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Today's Stichomancy for Vladimir Putin

The first excerpt represents the element of Air. It speaks of mental influences and the process of thought, and is drawn from Alcibiades I by Plato:

you in return to tell me, first, what is that art of which playing and singing, and stepping properly in the dance, are parts,--what is the name of the whole? I think that by this time you must be able to tell.

ALCIBIADES: Indeed I cannot.

SOCRATES: Then let me put the matter in another way: what do you call the Goddesses who are the patronesses of art?

ALCIBIADES: The Muses do you mean, Socrates?

SOCRATES: Yes, I do; and what is the name of the art which is called after them?

ALCIBIADES: I suppose that you mean music.

SOCRATES: Yes, that is my meaning; and what is the excellence of the art

The second excerpt represents the element of Fire. It speaks of emotional influences and base passions, and is drawn from Misalliance by George Bernard Shaw:

Bohemianism.

HYPATIA. Thats just it. I'm fed up with--

LORD SUMMERHAYS. Horrible expression. Dont.

HYPATIA. Oh, I daresay it's vulgar; but theres no other word for it. I'm fed up with nice things: with respectability, with propriety! When a woman has nothing to do, money and respectability mean that nothing is ever allowed to happen to her. I dont want to be good; and I dont want to be bad: I just dont want to be bothered about either good or bad: I want to be an active verb.

LORD SUMMERHAYS. An active verb? Oh, I see. An active verb signifies to be, to do, or to suffer.

The third excerpt represents the element of Water. It speaks of pure spiritual influences and feelings of love, and is drawn from Taras Bulba and Other Tales by Nikolai Vasilievich Gogol:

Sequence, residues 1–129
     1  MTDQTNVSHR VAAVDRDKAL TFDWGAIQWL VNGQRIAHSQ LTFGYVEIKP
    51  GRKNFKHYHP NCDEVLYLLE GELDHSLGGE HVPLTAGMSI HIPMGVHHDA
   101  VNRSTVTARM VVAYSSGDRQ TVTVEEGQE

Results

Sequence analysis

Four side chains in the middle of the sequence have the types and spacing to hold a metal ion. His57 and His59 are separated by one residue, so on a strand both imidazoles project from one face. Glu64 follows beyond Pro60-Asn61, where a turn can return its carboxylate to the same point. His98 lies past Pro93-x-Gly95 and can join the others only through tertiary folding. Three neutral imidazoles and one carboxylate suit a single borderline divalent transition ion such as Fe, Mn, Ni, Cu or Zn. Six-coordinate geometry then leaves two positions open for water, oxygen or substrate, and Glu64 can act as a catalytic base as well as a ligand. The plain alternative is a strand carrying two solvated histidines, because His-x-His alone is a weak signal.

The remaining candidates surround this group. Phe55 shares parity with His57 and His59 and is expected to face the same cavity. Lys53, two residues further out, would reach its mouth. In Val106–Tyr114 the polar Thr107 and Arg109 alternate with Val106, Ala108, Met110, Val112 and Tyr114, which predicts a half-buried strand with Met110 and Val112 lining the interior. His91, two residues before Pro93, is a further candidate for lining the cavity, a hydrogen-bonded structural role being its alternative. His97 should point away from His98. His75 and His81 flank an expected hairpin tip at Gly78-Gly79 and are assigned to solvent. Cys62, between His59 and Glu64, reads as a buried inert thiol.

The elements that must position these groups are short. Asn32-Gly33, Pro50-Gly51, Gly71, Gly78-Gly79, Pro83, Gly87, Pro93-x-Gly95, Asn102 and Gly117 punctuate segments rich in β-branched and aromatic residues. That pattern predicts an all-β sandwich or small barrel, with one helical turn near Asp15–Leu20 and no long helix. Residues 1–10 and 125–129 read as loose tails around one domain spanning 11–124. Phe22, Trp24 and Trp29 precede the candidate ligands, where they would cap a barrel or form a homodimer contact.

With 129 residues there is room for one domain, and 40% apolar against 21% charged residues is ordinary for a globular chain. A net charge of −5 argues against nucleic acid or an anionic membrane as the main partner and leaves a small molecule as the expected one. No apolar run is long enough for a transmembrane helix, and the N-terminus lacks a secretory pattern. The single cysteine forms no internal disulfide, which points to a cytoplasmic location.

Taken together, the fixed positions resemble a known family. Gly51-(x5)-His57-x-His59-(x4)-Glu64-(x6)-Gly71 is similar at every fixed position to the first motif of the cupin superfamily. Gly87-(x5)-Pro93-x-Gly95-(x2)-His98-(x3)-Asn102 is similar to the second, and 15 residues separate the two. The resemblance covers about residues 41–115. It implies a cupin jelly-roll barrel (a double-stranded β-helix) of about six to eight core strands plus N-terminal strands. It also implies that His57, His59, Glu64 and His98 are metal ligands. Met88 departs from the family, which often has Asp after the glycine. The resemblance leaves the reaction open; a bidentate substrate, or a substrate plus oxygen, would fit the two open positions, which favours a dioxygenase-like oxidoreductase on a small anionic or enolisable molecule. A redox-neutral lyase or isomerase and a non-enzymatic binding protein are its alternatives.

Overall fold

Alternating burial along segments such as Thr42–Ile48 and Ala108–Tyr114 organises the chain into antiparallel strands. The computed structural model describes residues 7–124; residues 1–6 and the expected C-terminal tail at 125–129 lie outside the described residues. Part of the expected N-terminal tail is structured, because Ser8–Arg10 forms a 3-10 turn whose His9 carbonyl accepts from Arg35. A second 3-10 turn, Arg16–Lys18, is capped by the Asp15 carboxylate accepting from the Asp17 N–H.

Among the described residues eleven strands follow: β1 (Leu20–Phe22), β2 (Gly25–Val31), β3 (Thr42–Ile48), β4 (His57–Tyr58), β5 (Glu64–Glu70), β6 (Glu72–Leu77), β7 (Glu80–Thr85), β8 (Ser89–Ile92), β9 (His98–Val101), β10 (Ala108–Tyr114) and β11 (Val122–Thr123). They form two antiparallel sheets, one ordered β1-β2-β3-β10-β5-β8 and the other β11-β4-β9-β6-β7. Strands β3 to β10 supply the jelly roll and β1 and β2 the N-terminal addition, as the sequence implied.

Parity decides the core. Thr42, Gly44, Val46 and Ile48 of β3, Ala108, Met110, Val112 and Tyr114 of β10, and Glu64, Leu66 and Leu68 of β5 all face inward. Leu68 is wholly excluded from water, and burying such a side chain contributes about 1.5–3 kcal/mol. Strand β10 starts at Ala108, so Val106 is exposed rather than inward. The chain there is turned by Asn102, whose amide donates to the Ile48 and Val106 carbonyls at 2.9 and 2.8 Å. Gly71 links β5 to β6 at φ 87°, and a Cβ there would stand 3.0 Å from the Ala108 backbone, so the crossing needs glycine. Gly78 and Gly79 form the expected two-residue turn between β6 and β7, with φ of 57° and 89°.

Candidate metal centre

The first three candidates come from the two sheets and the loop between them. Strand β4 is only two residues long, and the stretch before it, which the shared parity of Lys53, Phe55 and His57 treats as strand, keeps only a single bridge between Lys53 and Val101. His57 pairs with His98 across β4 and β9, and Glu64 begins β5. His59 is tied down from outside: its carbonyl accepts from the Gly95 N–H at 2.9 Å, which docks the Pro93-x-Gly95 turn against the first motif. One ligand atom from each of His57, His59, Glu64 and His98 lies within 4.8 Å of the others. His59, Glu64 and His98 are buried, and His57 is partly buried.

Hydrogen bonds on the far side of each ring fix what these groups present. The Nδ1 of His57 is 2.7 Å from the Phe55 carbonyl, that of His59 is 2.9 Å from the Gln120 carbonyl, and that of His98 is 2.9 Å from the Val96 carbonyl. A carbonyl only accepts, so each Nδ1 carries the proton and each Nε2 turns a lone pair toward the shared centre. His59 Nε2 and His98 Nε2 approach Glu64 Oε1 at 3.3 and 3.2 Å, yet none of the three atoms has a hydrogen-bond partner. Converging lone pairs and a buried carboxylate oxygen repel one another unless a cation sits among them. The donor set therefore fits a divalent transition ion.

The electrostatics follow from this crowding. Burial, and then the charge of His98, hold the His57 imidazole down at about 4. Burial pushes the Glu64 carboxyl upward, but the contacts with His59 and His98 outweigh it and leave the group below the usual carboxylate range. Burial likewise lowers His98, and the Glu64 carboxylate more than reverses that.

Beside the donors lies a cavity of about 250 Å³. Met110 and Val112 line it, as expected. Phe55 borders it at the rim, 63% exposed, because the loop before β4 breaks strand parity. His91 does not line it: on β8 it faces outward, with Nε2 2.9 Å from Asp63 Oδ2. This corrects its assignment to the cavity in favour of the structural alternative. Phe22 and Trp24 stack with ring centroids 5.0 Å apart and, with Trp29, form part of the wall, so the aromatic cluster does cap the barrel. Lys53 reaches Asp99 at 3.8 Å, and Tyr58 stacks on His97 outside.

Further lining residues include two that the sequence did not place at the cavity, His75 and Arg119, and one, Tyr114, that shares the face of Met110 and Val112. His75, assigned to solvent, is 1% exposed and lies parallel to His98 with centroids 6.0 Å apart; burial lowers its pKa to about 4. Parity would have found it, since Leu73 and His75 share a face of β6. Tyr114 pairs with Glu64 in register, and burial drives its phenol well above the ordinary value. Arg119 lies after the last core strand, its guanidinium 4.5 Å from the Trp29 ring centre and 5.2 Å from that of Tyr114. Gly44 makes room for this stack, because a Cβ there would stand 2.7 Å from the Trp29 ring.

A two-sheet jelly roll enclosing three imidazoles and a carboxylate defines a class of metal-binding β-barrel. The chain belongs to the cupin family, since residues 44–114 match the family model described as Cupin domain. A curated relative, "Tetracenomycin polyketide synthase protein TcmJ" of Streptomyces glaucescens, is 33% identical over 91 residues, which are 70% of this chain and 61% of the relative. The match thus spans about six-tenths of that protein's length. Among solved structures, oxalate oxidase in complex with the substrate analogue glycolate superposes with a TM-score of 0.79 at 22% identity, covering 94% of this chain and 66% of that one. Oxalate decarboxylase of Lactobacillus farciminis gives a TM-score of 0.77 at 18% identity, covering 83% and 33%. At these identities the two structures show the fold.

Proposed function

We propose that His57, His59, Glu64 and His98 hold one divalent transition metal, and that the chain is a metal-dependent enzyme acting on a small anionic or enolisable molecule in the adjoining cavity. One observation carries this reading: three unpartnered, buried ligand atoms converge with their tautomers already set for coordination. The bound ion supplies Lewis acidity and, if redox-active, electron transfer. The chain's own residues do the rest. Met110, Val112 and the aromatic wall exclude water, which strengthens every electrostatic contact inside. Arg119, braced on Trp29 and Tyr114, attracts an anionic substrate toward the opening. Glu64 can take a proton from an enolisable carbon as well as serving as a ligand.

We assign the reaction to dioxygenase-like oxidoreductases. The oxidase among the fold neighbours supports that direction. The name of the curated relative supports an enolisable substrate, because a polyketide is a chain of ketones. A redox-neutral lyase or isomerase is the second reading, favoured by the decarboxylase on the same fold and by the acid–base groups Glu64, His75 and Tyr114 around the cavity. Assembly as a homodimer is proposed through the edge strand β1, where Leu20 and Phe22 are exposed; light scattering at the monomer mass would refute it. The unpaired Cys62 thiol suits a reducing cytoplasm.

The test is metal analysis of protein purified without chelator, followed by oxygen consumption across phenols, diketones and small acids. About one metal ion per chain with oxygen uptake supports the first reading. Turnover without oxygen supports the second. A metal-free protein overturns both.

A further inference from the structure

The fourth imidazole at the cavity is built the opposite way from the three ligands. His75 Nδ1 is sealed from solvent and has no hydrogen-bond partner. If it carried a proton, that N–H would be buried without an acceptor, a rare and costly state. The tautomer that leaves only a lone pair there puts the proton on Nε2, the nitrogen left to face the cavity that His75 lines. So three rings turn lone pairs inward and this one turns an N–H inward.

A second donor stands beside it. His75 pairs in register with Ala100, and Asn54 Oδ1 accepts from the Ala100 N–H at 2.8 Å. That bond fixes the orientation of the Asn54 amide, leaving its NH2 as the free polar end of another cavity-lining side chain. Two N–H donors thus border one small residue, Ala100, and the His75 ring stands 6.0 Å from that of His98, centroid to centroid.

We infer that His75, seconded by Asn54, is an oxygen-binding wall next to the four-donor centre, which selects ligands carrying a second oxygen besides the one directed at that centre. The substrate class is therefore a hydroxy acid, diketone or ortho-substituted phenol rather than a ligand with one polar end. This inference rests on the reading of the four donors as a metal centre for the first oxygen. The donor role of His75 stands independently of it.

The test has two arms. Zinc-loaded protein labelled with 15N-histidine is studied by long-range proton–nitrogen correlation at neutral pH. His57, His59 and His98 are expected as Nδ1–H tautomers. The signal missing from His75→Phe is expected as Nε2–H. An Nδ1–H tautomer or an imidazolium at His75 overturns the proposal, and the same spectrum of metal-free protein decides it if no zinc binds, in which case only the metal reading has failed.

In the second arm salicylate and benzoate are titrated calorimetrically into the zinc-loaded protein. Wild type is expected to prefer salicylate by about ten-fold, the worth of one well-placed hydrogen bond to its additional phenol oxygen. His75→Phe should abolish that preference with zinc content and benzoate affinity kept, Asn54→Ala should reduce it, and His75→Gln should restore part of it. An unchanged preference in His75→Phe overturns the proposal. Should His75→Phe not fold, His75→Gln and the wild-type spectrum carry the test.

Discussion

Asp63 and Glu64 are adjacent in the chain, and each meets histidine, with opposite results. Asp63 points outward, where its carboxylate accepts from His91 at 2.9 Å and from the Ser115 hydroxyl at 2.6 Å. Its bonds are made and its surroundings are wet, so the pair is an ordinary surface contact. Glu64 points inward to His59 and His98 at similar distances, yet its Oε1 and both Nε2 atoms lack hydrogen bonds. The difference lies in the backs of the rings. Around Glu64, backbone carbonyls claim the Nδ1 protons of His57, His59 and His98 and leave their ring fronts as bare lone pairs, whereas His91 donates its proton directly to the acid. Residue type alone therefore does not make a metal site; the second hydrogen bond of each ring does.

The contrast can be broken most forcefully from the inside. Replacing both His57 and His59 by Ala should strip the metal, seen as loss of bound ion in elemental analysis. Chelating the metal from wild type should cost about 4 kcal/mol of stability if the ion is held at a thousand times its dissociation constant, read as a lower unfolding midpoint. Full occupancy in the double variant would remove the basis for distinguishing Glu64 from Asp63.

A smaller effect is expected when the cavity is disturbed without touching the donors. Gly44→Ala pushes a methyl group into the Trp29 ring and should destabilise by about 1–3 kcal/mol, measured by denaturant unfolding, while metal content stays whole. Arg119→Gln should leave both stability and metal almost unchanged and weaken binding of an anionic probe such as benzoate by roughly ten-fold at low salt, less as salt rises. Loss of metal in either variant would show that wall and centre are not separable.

endeavoured in every way to dissuade him from it: but the said rascal and scoundrel, Ivan Pererepenko, son of Ivan, abused me like a muzhik, and since that time has cherished against me an irreconcilable enmity. His sister was well known to every one as a loose character, and went off with a regiment of chasseurs which was stationed at Mirgorod five years ago; but she inscribed her husband as a peasant. His father and mother too were not law-abiding people, and both were inconceivable drunkards. The afore-mentioned nobleman and robber, Pererepenko, in his beastly and blameworthy actions, goes beyond all his family, and under the guise of piety does the most immoral things. He does not observe the fasts; for on the eve of St. Philip's this atheist bought


Taras Bulba and Other Tales
The fourth excerpt represents the element of Earth. It speaks of physical influences and the impact of the unseen on the visible world, and is drawn from Tom Grogan by F. Hopkinson Smith:

had called a meeting and appointed a committee to wait on Mr. Schwartz, to protest against his giving work to a non-union woman filled them with alarm. The women remembered the privations and suffering of that winter, and the three dollars a week doled out to them by the Central Branch, while their husbands, who had been earning two and three dollars a day, were drinking at O'Leary's bar, playing cards, or listening to the encouraging talk of the delegates who came from New York to keep up their spirits. The brewery employed a larger number of men than any other concern in Rockville, so trouble with its employees meant serious trouble for half the village if Schwartz defied the Union and selected a